The Cultures of Rebuilding in Post-Katrina New Orleans
November 6-8, 2008

The Midlo Center for New Orleans Studies, the University of New Orleans Graduate School, and the Louisiana State Museum are collaborating with graduate students from Cambridge University for a conference that seeks to address the complex interplay between culture, heritage, and the rebuilding process. Timed to coincide with the three-year anniversary, the conference assumes that many of the primary rebuilding efforts will have been in place long enough to merit sustained analysis and critique. Taken broadly, we ask: how are culture and cultural heritage transformed, in both material and immaterial ways, following a natural disaster? How do culture and cultural heritage contribute to the rebuilding of a society following a disaster, and what are the processes by which culture and cultural heritage themselves are rebuilt? For more information on this event, including how to submit a paper for consideration, visit http://history.uno.edu/crnola.cfm

Thursday, September 11


It is with great sadness that we share the news of the death of Albert "Corky" Richards, oyster tong maker and part of our oral history project documenting Florida's Forgotten Coast, who passed away in July at the age of 66 after a battle with lung cancer. From The Times (Apalachicola & Carrabelle):

In his life, Albert "Corky" Richards built oyster tongs, furniture for million dollar homes and everything in between.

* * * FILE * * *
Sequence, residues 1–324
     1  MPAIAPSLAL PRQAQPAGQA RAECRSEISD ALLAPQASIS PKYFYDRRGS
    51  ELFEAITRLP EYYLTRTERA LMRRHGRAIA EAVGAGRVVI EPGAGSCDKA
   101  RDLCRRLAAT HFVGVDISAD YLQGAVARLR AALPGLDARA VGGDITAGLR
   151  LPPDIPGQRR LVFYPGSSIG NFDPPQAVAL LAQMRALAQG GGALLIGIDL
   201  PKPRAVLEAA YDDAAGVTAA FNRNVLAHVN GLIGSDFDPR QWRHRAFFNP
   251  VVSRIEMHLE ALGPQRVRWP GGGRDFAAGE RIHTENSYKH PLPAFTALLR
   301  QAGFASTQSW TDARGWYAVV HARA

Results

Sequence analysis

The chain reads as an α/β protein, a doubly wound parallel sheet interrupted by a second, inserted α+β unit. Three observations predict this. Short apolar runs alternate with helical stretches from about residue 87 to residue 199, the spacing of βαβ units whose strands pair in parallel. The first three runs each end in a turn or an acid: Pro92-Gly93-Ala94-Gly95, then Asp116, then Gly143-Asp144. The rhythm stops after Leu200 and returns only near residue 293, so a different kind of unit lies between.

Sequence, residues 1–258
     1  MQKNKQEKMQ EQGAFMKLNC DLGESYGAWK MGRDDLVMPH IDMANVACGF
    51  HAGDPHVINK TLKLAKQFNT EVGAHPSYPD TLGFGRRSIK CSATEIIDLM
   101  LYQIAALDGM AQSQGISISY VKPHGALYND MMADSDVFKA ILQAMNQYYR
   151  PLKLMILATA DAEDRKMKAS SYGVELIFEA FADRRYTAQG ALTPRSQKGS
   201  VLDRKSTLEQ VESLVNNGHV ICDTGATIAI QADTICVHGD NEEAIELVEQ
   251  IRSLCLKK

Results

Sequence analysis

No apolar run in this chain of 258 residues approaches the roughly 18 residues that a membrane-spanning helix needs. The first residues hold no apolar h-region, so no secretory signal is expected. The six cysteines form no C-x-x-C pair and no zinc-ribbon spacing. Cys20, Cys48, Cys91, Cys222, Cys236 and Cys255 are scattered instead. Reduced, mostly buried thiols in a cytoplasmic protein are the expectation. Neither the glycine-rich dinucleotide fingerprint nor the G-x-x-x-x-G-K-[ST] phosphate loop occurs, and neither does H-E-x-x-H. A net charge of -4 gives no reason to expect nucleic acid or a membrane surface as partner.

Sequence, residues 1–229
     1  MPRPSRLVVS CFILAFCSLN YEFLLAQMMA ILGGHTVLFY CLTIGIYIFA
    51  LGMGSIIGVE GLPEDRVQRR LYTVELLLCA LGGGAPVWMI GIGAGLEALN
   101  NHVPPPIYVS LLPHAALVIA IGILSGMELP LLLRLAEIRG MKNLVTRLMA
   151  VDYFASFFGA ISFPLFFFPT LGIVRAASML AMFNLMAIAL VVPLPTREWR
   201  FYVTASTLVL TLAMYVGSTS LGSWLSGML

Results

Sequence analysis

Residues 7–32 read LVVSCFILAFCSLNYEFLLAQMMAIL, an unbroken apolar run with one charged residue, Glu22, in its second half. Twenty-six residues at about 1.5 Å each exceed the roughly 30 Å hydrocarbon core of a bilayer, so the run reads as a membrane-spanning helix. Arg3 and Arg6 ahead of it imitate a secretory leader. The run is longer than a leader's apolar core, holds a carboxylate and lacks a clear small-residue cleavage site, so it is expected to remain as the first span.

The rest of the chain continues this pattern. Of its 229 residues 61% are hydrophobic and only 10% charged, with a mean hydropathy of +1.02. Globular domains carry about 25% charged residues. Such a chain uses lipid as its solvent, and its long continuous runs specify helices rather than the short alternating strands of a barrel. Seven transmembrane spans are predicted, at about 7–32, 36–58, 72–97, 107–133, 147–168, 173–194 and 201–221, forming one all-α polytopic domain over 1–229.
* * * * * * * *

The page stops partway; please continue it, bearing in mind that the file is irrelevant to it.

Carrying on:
Self-taught, self-made and self-reliant, the former fisherman crafted work that mirrored his character - frank, straightforward and unpretentious.

He used the finest materials, favoring centuries-old deadhead cypress pulled from the Apalachicola River, which he admired for its tight, straight grain and resiliency.

Nothing gave Richards greater pleasure than a job that challenged his imagination and put his skills to work.

He left the slap-dash work to others.

"You could always tell his work by the quality of what he did," remembered his wife, Margaret. "The quality is what stood out, the beauty and the quality."

After a long battle with lung cancer, Richards, 66, passed away on July 8 at the Apalachicola home he built with sons Rodney and Buddy.

The many timeless, well-crafted pieces Richards left behind serve as monuments to his life as a master craftsman.

* * *

Read the rest of this beautiful tribute to the man and his work here.